When it comes to expert witnesses, young lawyers can add tremendous value to their team through research into the background of both their own and the opposing party’s experts. This research should be done as early as possible and continue to be updated as the case progresses. Items found in outside research on experts can have a significant effect on the outcome of your case. Here are some research areas to consider:
Imagine the sinking feeling of showing up at a deposition (or worse, at trial) to learn that your expert-witness accountant had a felony tax fraud conviction or the trucking expert had three recent DUIs. It is important to make these discoveries as early as possible. Consider running the expert’s name through PACER and any relevant state court databases. Also, perform an internet search for news reports of any noteworthy incidents with the law. Along the same lines, it is also valuable to check any professional licensing organizations in the expert’s field for disciplinary records. You will certainly want to know if the expert property appraiser was disciplined for performing unsupported appraisals.
Often expert disclosures only require that the expert initially share prior engagements “during the previous 4 years, [where] the witness testified as an expert at trial or by deposition.” See, e.g., Fed. R. Civ. P. 26(a)(2)(B)(v). This leaves open the possibility that the expert provided an affidavit or formal report without testifying or that the witness gave unfortunate testimony more than four years ago. Subscription services such as Westlaw or Lexis allow parties to quickly learn of prior engagements. While full reports may not be available online, these searches can provide enough information to identify the lawyers who appeared in the prior case and whether you should consider reaching out to them to ask for any non-confidential prior materials. Consider visiting sites like CrossExam.com to obtain prior court transcripts involving experts. DRI’s Expert Witness Database, which is free to DRI members, can be a valuable resource as well. It is not uncommon for experts to have been retained dozens of times over their career and not always on the same side of a case. This leaves open the possibility for inconsistent testimony. For example, 10 years ago, the expert may have testified that it was proper to use a certain technique in a medical procedure, but now the expert wants to testify that that same technique is per se medical malpractice. Left unexplained, this change in testimony can cause problems for a case, so it is best to learn of any prior inconsistencies from the outset.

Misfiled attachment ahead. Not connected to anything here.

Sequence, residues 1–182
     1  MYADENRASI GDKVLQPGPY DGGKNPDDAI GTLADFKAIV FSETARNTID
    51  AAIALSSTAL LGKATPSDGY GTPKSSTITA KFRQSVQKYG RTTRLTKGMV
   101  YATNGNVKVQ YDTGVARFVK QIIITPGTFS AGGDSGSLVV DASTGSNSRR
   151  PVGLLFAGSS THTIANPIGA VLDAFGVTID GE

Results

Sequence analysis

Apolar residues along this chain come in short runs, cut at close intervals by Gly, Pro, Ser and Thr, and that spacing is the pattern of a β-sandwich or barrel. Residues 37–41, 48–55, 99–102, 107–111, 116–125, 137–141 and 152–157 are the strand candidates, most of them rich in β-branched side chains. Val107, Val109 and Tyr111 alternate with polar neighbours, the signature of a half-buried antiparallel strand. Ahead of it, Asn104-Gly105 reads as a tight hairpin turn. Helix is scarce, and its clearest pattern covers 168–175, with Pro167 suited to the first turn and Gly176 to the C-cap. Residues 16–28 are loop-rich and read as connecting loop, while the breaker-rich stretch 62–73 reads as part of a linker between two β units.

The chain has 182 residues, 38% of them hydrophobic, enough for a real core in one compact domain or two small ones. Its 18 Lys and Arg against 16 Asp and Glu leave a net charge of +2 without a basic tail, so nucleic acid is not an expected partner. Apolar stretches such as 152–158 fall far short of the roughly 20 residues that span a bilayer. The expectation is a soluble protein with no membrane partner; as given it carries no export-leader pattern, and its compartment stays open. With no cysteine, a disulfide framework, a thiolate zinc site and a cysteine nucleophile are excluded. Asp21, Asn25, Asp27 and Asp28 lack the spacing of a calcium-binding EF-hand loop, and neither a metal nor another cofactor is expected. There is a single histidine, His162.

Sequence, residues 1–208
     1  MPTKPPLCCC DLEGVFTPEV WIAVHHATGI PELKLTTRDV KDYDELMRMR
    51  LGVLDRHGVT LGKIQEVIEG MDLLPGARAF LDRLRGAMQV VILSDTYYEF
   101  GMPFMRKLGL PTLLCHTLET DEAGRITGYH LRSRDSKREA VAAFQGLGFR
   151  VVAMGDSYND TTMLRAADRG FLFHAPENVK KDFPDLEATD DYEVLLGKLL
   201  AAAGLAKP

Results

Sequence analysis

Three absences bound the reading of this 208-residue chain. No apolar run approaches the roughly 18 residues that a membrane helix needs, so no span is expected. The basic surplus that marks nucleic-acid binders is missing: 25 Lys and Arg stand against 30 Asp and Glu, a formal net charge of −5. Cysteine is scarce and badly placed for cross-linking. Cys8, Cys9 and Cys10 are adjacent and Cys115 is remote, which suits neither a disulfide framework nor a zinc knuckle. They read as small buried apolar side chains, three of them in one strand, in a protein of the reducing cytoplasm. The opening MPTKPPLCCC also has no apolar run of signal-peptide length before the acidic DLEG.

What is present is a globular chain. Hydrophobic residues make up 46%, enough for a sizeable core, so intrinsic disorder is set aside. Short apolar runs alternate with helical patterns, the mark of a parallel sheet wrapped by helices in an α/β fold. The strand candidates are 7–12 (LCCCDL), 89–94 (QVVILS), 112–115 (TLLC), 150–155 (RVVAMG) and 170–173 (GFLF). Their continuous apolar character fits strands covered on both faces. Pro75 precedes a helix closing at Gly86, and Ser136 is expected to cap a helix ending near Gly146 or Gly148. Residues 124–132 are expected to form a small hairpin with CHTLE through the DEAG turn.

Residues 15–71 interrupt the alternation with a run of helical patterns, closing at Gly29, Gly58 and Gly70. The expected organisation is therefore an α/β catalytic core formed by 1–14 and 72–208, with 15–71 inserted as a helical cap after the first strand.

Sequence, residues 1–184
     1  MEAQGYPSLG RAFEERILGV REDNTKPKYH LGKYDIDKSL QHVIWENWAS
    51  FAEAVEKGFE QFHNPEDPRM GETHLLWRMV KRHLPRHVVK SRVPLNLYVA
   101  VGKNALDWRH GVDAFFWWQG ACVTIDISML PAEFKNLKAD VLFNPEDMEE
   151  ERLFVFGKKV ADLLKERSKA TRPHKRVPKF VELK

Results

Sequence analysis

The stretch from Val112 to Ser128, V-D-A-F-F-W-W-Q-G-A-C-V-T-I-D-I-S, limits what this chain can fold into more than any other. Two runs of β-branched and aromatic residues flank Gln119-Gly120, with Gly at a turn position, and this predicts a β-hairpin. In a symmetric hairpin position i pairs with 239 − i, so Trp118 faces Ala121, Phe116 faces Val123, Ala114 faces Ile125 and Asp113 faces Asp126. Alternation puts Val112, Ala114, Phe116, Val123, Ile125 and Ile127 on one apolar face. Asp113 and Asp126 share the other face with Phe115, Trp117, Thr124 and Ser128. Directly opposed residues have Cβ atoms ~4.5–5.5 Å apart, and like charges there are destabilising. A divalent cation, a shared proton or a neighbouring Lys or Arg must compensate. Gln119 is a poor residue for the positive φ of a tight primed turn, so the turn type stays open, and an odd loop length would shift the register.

As with engagements, the Federal Rules of Civil Procedure limit the time period for which an expert must disclose their past publications. See Fed. R. Civ. P. 26(a)(2)(B)(v) (requiring disclosure of any publications in the last 10 years). Further, some state courts do not require any disclosure of prior publications. Young lawyers who are savvy in searching academic databases such as JSTOR and HeinOnline can impress their team with hidden gems that may help discredit the opposing party’s expert. Further, JSTOR can show whether the expert’s academic works are regularly cited by other academics and can lead to other publications disproving the expert’s theory.
Prior Motion History